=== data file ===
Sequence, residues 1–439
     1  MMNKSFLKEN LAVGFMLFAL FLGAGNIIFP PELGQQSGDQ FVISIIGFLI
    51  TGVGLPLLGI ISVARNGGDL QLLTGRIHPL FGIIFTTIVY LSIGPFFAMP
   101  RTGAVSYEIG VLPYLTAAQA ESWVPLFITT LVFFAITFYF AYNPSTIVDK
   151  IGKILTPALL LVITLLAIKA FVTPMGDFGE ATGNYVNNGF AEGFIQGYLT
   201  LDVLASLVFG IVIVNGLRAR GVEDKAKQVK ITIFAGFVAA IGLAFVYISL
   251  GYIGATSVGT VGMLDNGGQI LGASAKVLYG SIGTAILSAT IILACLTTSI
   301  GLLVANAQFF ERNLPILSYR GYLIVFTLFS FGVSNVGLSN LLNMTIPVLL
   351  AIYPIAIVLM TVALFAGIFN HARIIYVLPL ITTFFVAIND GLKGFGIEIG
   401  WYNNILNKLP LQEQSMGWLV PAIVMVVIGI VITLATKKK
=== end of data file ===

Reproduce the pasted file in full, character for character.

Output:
Sequence, residues 1–439
     1  MMNKSFLKEN LAVGFMLFAL FLGAGNIIFP PELGQQSGDQ FVISIIGFLI
    51  TGVGLPLLGI ISVARNGGDL QLLTGRIHPL FGIIFTTIVY LSIGPFFAMP
   101  RTGAVSYEIG VLPYLTAAQA ESWVPLFITT LVFFAITFYF AYNPSTIVDK
   151  IGKILTPALL LVITLLAIKA FVTPMGDFGE ATGNYVNNGF AEGFIQGYLT
   201  LDVLASLVFG IVIVNGLRAR GVEDKAKQVK ITIFAGFVAA IGLAFVYISL
   251  GYIGATSVGT VGMLDNGGQI LGASAKVLYG SIGTAILSAT IILACLTTSI
   301  GLLVANAQFF ERNLPILSYR GYLIVFTLFS FGVSNVGLSN LLNMTIPVLL
   351  AIYPIAIVLM TVALFAGIFN HARIIYVLPL ITTFFVAIND GLKGFGIEIG
   401  WYNNILNKLP LQEQSMGWLV PAIVMVVIGI VITLATKKK